Only 1 in 5 Canadians with PhDs land a tenure-track job in their field

Is Canada creating too many PhDs? There's a big disconnect today between the academic work doctoral students hope to find, and what's available to them once they earn their degrees. Today we look at the problem, and how the private sector could be part of the solution.
Canadians with PhDs who depend on academic jobs, often end up underemployed, according to a new study. (Joachim Schlosser/Flickr CC)

Earning a PhD takes a lot of hard work and study and student loans, and it means spending extra years in school, after your peers have graduated and gone onto to the so-called "real world."

But a PhD comes with a tenure-track job, a respected professorship, a lifetime of rewarding, intellectual work in your chosen field. Or at least, that's how it was supposed to go. But many recently minted Canadian PhDs can tell you it certainly doesn't go that way.  

In fact, just one in five Canadian PhDs will get a tenure-track job in their field. And according to a new report from the Conference Board of Canada, there is a disconnect between expectations and reality for those who pursue a doctorate here.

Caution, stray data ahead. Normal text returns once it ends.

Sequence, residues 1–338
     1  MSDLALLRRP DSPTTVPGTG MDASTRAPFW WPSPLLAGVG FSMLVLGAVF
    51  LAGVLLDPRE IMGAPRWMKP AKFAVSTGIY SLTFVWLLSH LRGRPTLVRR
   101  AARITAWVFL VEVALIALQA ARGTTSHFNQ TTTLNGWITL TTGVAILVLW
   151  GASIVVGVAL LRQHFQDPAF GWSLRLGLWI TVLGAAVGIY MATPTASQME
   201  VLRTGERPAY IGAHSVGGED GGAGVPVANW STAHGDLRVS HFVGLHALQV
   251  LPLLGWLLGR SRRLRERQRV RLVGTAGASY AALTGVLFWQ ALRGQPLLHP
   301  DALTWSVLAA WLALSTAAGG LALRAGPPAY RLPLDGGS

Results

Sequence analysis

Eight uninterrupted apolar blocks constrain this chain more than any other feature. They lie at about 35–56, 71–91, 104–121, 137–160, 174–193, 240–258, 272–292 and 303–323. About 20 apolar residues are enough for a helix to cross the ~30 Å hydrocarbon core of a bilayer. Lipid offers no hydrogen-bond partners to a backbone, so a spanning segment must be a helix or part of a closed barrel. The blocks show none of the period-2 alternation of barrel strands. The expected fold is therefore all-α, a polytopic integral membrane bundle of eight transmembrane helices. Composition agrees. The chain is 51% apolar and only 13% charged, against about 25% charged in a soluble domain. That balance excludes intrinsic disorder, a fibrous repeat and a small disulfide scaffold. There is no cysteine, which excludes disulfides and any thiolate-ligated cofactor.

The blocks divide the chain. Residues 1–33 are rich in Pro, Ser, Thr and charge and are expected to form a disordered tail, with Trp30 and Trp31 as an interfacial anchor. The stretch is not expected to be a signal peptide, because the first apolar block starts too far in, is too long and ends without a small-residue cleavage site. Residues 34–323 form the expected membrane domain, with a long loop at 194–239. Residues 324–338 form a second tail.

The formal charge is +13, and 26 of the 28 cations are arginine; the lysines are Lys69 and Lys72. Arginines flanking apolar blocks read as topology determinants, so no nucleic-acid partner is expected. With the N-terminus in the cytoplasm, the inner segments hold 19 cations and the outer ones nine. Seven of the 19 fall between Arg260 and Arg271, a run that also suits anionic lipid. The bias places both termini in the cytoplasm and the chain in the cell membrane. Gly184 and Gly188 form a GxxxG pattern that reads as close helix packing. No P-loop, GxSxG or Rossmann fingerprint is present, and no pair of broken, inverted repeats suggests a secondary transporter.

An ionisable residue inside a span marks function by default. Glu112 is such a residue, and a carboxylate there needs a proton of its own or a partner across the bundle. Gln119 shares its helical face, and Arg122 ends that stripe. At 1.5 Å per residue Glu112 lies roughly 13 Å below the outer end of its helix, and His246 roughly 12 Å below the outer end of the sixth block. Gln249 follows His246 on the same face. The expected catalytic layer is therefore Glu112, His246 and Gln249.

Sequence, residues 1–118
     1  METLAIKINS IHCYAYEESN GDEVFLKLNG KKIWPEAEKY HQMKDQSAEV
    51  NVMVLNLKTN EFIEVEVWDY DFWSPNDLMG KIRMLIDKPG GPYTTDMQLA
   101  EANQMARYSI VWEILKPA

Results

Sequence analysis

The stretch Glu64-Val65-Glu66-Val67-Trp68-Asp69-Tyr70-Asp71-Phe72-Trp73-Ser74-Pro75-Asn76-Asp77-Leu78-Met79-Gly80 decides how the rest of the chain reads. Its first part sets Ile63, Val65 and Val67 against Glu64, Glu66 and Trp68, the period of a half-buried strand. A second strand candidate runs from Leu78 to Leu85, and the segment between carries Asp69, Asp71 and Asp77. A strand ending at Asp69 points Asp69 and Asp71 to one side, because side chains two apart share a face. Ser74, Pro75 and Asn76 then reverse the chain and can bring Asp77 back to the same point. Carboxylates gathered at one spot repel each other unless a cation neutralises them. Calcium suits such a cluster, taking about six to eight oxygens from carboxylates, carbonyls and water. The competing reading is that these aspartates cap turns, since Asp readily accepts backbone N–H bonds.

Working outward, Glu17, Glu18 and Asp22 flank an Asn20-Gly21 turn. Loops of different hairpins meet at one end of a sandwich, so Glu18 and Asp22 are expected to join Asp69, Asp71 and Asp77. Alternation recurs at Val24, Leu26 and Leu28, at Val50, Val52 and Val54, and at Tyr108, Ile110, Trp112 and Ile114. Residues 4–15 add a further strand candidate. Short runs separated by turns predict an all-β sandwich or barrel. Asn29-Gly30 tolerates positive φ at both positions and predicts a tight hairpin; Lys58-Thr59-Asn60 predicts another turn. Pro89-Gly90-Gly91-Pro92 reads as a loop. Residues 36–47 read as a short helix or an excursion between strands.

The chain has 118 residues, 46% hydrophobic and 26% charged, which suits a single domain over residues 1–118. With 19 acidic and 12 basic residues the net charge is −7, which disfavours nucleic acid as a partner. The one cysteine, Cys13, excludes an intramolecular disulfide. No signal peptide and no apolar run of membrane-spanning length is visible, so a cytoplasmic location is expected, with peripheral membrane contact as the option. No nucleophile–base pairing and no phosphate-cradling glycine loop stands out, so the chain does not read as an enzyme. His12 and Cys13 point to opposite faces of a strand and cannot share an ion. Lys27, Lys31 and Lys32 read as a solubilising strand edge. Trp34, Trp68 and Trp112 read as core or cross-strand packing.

Michael Bloom is the vice president of Industry and Business Strategy at the Conference Board of Canada. He was in Ottawa.

For many PhD graduates, finding steady work in post-secondary education can be a struggle and Jen Cypher knows that first-hand.

Jen Cypher got her PhD in environmental studies in 2012, and is now a contract faculty member at York University. She's also the chair of a union representing contract faculty and grad students at York in Toronto.

As a PhD holder Jen Cypher is not alone in her frustration - caught between poor job prospects in academia and not knowing how her skill set translates in the private sector. Mitacs is a non-profit set up to help PhDs bridge that gap. 

Rob Annan is the Chief Research Officer at Mitacs. He was in our Ottawa studio. 
 

We want to hear your thoughts on this, especially if you have a PhD, or have your own thoughts about solutions.

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This segment was produced by The Current's Julian Uzielli and Sujata Berry.